Why Do a Lot of Product Managers End Up Being Project Managers

Product Management
February 2, 2023
4 mins read

Product manager and Project manager, these two often confusing words have vital roles to play in a company. The reason for the confusion is obvious because the two terms are regularly utilized reciprocally. They both work closely with a very thin line between them. The difference comes in the discipline where they are required with a different set of skills and tools.

The Product manager drives the improvement of the Product. They organize activities and settle on vital choices about what gets manufactured. They are considered as the driving force of a product offering and spotlight on business destinations, quantifiable objectives, and positive results.

Whereas project managers manage recently endorsed and created plans. They oversee timeline and assets to complete things — however, have little contribution to characterize and organize tasks.

Where their roles are completely different in terms of their objectives then “Why do a lot of Product managers end up being Project managers?” In this blog, we are citing a few reasons for this “WHY”?

1. Company Culture

It is observed that many organizations assign these roles separately yet at the same time total dynamic isn’t given to the Product managers. The company follows a top-down chain of command. The authority to take major decisions still holds with the top chief and not with the one who is developing it. This creates conflict in the ideas, hence the performance gets affected. It is also observed that to reduce these conflicts in ideas and performance, the company assigns these two roles to one single person. But the question arises that is there any better way of doing it?

Conflicts in point of view

2. Ineffective use of time

Following the traditional culture, Product managers waste most of their time writing product documents. We can’t stress enough about defining your plans and product. But is it even worthy of wasting time on writing long documents? Is there any alternative way to convey your solutions in the form of requirements in a short yet effective way? Well, the problems we counter are many but the solution to this is a “CHANGE”. CHANGE in the system and the culture we follow. “RAZORPAY” is the best example to support this statement. They have been developing great products by avoiding the traditional PRD approach. How this has helped them can clearly be seen in the success of their products. If this concept excites you enough then you can check the following link to this blog.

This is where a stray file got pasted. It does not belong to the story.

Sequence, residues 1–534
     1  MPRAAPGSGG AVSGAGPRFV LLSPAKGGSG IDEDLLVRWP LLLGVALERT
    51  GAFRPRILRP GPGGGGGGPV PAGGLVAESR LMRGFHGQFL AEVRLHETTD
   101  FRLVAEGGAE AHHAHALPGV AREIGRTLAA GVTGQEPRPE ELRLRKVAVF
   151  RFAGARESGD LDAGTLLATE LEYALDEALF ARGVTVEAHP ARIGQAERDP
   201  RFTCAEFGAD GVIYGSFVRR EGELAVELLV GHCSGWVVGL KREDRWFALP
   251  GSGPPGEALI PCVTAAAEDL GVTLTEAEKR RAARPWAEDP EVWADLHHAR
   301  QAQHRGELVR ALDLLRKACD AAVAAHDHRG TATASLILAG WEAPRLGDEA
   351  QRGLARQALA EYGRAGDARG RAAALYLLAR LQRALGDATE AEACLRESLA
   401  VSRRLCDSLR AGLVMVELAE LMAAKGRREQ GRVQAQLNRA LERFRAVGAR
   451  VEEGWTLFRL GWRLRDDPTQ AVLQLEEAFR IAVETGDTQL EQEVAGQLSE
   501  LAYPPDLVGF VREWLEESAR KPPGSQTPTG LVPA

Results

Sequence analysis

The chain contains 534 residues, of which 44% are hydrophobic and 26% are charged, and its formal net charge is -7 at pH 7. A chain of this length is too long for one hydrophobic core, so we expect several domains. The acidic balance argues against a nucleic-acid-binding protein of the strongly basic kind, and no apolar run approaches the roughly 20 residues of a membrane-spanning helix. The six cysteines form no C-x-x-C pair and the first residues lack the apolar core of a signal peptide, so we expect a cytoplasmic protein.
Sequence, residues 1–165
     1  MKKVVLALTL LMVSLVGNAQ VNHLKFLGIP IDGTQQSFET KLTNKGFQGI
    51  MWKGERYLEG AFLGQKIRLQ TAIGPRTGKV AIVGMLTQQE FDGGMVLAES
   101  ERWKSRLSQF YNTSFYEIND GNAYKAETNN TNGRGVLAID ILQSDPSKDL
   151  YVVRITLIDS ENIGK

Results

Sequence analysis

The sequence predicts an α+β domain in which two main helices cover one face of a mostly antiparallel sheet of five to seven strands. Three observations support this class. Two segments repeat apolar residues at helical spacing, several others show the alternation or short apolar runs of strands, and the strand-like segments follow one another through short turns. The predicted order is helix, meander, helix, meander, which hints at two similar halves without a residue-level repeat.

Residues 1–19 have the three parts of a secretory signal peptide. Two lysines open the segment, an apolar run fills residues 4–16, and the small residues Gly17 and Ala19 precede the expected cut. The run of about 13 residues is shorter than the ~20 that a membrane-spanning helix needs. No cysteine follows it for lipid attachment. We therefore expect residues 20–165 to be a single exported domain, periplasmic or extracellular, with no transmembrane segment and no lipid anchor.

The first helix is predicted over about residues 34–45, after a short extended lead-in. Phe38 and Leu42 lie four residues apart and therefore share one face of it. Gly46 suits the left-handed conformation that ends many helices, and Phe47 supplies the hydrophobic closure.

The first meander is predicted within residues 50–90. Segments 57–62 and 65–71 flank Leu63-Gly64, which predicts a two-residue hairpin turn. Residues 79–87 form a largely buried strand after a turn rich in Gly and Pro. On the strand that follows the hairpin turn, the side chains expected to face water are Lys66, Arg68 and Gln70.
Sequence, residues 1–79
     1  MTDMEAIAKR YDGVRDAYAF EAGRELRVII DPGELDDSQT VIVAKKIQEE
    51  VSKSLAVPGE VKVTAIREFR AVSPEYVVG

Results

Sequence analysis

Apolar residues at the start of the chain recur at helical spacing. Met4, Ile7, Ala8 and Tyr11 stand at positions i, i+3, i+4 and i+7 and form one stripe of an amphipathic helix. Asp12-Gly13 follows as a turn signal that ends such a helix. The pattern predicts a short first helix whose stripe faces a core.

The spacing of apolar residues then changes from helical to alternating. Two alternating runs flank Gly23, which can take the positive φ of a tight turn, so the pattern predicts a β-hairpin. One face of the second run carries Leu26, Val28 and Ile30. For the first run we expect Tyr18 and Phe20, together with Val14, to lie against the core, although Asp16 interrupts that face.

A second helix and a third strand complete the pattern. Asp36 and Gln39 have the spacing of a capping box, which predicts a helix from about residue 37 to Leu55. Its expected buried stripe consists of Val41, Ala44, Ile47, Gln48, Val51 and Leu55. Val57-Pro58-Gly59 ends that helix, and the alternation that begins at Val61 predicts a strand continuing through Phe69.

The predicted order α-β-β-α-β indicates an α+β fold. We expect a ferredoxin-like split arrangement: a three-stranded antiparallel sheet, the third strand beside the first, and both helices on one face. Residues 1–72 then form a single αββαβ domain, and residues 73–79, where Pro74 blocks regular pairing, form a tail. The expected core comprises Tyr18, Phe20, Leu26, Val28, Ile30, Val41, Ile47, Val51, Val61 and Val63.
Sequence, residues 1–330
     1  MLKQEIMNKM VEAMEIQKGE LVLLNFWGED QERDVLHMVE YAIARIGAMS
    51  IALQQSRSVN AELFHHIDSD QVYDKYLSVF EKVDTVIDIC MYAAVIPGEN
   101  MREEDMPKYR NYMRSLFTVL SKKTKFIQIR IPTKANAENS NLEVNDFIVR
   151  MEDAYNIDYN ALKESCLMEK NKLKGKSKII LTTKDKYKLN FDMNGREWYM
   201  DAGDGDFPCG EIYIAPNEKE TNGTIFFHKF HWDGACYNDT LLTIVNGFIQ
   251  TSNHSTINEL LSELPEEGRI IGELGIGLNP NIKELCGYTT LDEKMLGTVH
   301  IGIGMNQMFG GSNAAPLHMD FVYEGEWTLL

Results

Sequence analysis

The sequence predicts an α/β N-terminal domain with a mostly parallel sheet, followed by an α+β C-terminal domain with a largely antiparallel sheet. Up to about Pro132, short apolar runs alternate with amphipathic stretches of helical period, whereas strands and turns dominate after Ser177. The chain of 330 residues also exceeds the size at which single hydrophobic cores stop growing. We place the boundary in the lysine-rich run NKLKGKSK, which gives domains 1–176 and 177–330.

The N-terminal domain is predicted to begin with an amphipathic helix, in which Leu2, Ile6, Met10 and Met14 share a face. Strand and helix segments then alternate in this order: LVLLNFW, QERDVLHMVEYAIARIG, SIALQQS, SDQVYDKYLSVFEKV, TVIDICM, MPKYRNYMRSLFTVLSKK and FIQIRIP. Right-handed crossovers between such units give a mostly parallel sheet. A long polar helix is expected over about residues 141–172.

How Razorpay is building great products by avoiding traditional PRD approach

3. Focus on WHY and WHAT?

Once figured out the effective use of time, the product manager can now focus more on the “WHY,s” of the product along with the “WHAT,s”. Often Product managers end up wasting most of their time in writing the requirements. Where in the process they forgets about the problem associated and the solutions to the same. A product manager ideally should be focusing on and researching more about the Problem. Why did the problem arise? For whom are we making the product? What can be a more Intuitive, user-friendly, and valuable solution to the problem? So to make the product more effective, the solution by the product manager should revolve around these factors.

4. Lack of mentors

There is not enough guidance about Product management. Most of the people who enter this field are newbies. The profile is already so chaotic that most of the time goes into understanding and sorting the chaos. There are not enough mentors to tell you about the loopholes for this management. The only source of inspiration and learning is self-exploring and reading others’ experiences.

5. Loosing the focus

The objective matters a lot. For many companies the objective shifts towards the speed of the work rather than the quality of the work. It should be ensured that the solution is effective enough to solve the real problem. The product can only be successful if the objective is clear, the problem is addressed with an effective solution.

Can both the roles be handled by a single person?

If we look into the roles, there are a few likenesses between these two. Both are cross-practical, interfacing with different gatherings inside the bigger association and their partners. The Product manager looks up for “What” and “Why” whereas the Project Manager looks up for “How” and “When”.

The job becomes more challenging for both of them because the work has to be carried out in a synced and aligned manner. Both can’t work separately hence collaboration among both is an important task.

Product Management vs Project Management


Differentiating them on the type of work they do, their objectives, their skills, or the tools they use, we should not forget to consider the incredible coupling of both the roles. They both form the powerful duo in terms of dealing with the stakeholders and carrying out the project process smoothly in a collaborative manner. If both are being addressed appropriately then this duo can bring profits and more profits to your business.


Mahima Arora
Associate Product Marketer at Zeda.io.
A marketing enthusiast, trying to influence society by means of media and drive sustainable good.
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